20 Mar German Constitutional Court rules UPC Approval Act ‘void’
The UPC Agreement signed in 2013 needs to be ratified by 13 EU member states in order to be enacted. Although the concept of a single European Court (which would manage EU patent issues such as disputes and infringements) receives large support, EU member states for the most part haven’t been able to manage complete harmony with regards to how they see that single court system working best for them. The UK will not be a part of the UPC on account of exiting the European Union, while Poland & Spain declined opting in long ago.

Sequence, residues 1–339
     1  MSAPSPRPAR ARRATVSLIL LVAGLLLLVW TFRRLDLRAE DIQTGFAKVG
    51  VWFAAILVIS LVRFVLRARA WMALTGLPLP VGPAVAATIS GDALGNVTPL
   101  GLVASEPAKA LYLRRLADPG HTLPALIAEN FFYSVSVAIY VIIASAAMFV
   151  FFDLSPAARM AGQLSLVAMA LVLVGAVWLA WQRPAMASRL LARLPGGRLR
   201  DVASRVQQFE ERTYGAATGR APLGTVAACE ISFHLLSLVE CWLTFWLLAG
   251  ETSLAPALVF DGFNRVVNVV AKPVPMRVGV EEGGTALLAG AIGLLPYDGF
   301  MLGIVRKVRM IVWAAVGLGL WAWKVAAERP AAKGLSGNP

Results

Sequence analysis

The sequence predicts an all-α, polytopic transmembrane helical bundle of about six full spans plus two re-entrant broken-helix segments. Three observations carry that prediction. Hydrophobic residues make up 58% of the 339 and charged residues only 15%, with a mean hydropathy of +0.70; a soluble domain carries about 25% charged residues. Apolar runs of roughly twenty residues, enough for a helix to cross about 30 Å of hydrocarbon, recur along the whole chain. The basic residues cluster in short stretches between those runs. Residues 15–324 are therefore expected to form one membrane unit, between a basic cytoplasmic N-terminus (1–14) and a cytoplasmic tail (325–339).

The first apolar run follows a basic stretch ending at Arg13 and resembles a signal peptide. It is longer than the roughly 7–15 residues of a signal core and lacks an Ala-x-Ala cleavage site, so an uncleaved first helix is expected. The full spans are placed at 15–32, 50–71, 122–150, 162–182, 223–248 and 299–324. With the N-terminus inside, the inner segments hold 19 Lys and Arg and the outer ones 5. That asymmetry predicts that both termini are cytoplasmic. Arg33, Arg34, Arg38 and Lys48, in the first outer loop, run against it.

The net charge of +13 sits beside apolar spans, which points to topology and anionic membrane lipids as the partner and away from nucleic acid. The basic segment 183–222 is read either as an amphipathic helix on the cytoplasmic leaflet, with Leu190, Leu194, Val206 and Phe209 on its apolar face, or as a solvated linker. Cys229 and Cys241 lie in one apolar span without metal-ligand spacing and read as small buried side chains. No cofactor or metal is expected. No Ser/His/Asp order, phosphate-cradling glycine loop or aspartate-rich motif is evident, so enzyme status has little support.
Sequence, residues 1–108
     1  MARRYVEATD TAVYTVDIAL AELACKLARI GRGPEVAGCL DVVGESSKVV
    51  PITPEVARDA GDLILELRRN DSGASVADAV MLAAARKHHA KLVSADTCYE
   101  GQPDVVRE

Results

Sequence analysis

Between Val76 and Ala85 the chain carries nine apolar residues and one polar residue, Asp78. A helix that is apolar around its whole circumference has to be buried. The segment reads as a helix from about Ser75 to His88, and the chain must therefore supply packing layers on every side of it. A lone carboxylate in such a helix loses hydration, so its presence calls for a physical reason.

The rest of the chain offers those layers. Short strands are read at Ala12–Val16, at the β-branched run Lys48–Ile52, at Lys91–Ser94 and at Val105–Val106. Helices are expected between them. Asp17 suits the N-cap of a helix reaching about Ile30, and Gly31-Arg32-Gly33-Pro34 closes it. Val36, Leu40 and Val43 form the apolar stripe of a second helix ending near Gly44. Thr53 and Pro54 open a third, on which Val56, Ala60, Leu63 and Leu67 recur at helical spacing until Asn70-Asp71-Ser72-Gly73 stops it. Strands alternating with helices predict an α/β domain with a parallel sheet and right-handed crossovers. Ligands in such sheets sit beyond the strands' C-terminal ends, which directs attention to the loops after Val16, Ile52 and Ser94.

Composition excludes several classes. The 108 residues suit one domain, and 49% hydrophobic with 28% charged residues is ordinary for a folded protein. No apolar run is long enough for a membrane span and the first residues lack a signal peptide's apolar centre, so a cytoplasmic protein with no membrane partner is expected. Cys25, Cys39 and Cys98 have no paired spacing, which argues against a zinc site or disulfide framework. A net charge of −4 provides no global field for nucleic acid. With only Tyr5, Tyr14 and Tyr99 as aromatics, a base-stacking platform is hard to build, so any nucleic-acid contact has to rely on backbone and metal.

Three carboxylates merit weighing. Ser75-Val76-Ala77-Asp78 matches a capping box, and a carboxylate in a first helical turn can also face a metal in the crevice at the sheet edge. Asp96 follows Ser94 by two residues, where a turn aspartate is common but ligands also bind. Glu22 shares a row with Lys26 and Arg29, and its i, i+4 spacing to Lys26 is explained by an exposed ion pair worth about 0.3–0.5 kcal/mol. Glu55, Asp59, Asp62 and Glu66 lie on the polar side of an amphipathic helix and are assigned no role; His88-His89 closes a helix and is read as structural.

In this decision published today was the acknowledgement of the fact that the UPC Approval would require a two thirds majority in the Bundestag because the agreement would amend the German Constitution. At the time the Act of Approval was unanimously passed, only 35 members of the Bundestag were actually present, this has resulted in a void.
We’re all watching now to see if the Bundestag cares to attempt passing the agreement once again. Speculation is well underway as to the effectiveness of another attempt with some noting the constitutional challenge resulting in the void was brought forward by Dr. Ingve Stjerna, and described as ‘a challenge based on many grounds’. We don’t know what those other ground are as of now, because the ‘majority’ argument was solid enough.
Unfamiliar with the concept of the UPC (Unitary Patent Court)? Why not use this delay to do some light reading on the matter!